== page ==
This goes out to all change agents, all teachers and coaches, everyone that tries to introduce a paradigm shift of some sort. Be it helping a society to understand the value of diversity, or helping a company to understand the need of transformational leadership, or helping a team to organize differently (#agile), or helping your clients (or however you want to call the people you’re dealing with) to do their work in a different way… Whenever a person claims for something to be too academic, you’re doing something wrong!
In times of alternative facts and fake news it became very fashionable to consider things being too academic and people are accused of too much theorization and forgetting about reality. I hear that frequently. Two examples: I have a blog in which I analyze football matches (www.halbfeldflanke.de) and people sometimes comment on it that sports are no science. I work as an agile coach, helping teams to adopt a different delivery methodology and customers sometimes tell me that I’m too focused on the approach by the book. I’m sure you have something similar in mind from your own everyday life.
Let’s talk theory
Feel free to skip this part or come back later.
From a change management perspective, the reason for this is very simple. Resistance. Whatever it is that you’re talking about requires your client to do something (e.g. think) in a different way than they did before. That pulls people out of their comfort zone and as such causes pain, as the view of their world is being shattered. From the psychological perspective, a human therefore undergoes the same process like when losing someone. Don’t call me too academic comparing the death of a dear person to having to take a different route to work, I’m just saying that the mind has to take the same steps overcoming this different situation.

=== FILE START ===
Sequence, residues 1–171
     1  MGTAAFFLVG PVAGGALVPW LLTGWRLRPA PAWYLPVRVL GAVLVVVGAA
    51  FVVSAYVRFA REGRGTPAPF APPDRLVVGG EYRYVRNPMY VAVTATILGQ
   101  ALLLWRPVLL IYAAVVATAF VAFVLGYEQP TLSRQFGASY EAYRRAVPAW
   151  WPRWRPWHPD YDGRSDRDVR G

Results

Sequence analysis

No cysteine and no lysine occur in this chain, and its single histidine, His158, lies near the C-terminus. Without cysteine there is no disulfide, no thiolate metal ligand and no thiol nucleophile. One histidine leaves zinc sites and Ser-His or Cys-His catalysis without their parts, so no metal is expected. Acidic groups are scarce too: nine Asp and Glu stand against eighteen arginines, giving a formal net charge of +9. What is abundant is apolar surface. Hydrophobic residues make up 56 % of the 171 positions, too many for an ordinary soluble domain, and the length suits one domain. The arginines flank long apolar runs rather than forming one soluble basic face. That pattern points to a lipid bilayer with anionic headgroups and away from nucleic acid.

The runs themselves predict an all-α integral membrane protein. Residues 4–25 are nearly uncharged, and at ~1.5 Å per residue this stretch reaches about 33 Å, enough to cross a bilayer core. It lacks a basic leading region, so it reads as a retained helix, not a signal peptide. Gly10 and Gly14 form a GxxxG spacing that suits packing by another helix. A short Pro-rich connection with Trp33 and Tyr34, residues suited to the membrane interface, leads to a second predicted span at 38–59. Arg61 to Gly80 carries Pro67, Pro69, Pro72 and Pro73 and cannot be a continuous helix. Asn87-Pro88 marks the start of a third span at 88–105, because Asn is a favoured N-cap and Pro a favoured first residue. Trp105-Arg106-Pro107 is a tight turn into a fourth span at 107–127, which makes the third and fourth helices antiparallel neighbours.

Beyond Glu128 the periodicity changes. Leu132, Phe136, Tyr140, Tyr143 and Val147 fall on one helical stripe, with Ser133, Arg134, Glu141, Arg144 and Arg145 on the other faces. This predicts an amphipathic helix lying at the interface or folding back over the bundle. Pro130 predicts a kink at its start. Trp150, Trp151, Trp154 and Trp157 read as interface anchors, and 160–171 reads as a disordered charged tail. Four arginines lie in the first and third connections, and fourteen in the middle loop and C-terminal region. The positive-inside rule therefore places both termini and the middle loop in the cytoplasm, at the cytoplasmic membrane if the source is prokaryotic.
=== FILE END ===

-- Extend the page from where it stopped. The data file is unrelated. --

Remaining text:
In her 1969 book On Death and Dying, Elisabeth Kübler-Ross described the 5 stages of grief, which is what people go through when their situation changes to a way that was not anticipated or hoped for.
Denial. People are not accepting the new situation. “This can’t be true!”
Anger. People learn that they have to accept the new situation, which causes frustration. “Why me? It’s not fair!”
Bargaining. People negotiate to avoid the cause. “I promise to be better in the future.”
Depression. People despair at the recognition of their morality. “What’s the point?”
Acceptance. People embrace what’s not avoidable. “I can do it!”
It’s important to understand that these 5 stages are a huge simplification. They are rather a collection of common experiences than a blue print and can happen in any order if at all. For us change agents that’s irrelevant though, what’s important is to understand the stage your client is in and help them through it.
Guiding someone through this process as part of change management of any sort is a crucial part of coaching, teaching, training… this is where the change happens. It starts with the denial stage, where you have to explain why this change is necessary. When in the anger stage, you should just be listening, refrain from giving advice. It’s difficult, I know. In the bargaining stage you should open to suggestions and discussions. This is where you can show all your knowledge and use it to help them overcoming their resistance. In the depression stage then clients start to realize the need for the change and feel powerless. Your job now is to encourage your clients and show them how exciting it could be and all the good parts coming out of it. Finally, in the acceptance stage, the benefits are being recognized and the change is happening. Here people need lots of support and further encouragement.
Note that most of the time it’s not your time to shine, but to hold your clients’ hand. That’s difficult, because most coaches like to talk. A lot. Especially about the things they think about all the time and know so much about. But this is what makes the difference. Patience you must have, my young padawan.
Enough with that theory!